But for now, this template looks promising. In the next part, you'll go ahead and deploy this template.

Recall that your analysts' financial models are run on Azure virtual machines. To further automate your deployments, you want to move from Azure CLI commands and scripts to Resource Manager templates.

Before you begin, you may wonder what existing templates are available to learn from and build upon.

Here you'll explore what an Azure Quickstart template is and what prebuilt templates are available for you to use right now.

Tip

Prefer Linux or want to try something new? Select Linux from the top of this page to deploy a Linux virtual machine.

What are Azure Quickstart templates?

Azure Quickstart templates are Resource Manager templates that are provided by the Azure community. Quickstart templates are available on GitHub.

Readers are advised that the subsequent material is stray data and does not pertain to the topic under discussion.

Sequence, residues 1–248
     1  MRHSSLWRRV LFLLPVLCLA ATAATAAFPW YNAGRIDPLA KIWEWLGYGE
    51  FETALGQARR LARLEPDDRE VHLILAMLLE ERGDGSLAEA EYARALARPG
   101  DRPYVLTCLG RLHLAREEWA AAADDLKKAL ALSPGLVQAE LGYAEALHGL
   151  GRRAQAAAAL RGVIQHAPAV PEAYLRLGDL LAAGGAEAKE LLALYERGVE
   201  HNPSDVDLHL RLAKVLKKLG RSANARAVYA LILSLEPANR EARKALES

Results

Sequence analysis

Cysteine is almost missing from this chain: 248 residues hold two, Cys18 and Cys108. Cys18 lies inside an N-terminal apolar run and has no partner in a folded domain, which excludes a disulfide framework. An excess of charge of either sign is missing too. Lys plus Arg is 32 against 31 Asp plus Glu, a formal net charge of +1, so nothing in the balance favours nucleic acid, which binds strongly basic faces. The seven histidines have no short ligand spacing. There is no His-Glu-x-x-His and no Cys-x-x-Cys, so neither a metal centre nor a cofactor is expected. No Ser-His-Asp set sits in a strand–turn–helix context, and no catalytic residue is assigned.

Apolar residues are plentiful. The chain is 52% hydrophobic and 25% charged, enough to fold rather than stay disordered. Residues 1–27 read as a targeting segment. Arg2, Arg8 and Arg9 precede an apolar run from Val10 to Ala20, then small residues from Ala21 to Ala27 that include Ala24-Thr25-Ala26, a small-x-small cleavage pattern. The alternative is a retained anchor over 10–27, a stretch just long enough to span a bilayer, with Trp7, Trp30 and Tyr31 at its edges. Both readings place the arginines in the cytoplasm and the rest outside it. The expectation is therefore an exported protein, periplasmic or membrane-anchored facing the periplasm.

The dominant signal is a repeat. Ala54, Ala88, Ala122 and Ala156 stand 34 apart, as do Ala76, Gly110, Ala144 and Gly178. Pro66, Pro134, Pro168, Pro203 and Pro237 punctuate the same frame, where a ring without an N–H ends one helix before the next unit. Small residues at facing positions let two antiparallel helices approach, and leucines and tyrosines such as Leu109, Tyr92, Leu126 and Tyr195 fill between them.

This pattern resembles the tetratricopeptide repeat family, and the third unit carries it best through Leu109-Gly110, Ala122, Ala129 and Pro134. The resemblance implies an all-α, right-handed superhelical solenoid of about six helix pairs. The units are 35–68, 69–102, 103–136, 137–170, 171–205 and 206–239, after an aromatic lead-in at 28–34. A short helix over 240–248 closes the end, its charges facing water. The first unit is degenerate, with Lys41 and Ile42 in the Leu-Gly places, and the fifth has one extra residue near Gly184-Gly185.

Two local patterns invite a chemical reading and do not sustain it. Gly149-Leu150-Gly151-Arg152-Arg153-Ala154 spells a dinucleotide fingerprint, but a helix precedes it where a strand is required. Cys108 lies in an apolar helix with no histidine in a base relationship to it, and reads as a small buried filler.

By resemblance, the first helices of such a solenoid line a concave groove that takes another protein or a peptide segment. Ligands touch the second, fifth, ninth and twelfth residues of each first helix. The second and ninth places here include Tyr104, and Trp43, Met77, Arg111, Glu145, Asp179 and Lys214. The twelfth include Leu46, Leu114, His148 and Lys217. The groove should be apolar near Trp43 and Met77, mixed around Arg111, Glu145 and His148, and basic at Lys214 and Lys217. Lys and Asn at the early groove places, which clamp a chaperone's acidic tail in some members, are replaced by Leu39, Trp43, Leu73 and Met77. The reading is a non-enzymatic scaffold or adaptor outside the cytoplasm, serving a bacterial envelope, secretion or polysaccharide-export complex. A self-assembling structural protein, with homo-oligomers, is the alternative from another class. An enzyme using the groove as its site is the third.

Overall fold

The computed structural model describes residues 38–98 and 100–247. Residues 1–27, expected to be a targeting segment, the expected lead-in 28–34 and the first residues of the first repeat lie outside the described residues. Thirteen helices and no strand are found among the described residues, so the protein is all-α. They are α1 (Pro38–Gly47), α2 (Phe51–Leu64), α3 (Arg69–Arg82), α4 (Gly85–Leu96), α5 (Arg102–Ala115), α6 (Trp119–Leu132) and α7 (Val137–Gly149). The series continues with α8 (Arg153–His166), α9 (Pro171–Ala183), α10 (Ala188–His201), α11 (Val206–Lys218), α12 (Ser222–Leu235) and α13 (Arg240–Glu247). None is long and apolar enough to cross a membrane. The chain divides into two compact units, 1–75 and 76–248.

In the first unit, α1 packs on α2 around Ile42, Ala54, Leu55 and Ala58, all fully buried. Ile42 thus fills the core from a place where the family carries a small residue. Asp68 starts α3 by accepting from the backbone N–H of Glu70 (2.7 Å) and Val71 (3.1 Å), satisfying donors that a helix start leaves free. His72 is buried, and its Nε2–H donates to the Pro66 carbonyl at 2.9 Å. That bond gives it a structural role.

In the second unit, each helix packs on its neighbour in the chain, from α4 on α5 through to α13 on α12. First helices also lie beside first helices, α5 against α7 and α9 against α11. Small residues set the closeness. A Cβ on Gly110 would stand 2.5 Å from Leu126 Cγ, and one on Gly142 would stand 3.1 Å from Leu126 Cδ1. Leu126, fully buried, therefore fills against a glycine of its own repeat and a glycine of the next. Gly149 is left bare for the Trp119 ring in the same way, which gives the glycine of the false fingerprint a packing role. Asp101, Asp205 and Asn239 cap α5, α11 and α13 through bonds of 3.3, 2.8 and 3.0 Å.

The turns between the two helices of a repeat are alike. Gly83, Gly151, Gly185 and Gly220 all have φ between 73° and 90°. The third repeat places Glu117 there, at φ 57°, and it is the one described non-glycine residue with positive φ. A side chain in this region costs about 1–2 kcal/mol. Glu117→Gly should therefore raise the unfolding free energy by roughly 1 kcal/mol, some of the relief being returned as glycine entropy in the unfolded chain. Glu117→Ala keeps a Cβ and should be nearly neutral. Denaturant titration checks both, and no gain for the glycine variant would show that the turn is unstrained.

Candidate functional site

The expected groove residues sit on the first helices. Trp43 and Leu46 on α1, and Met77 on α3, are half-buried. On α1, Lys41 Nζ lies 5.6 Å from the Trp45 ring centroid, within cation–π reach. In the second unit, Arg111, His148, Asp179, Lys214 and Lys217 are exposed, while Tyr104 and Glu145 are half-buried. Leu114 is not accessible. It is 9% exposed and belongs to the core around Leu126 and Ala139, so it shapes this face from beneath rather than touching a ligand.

Many templates provide everything you need to deploy your solution. Others might serve as a starting point for your template. Either way, you can study these templates to learn how to best author and structure your own templates.

Let's say you want to find a Resource Manager template that brings up a basic VM configuration – one that includes a VM, basic network settings, and storage.

  1. Start by browsing to the Quickstart template gallery to see what's available.

    You see a number of popular and recently updated templates. These templates work with both Azure resources and popular software packages.

    A portion of the Azure Quickstart template gallery web page.

  2. Let's say you come across the Deploy a simple Windows VM template.

    The gallery page for a Windows VM template

    The name sounds like exactly what you need. But let's take a closer look to see what this template accomplishes.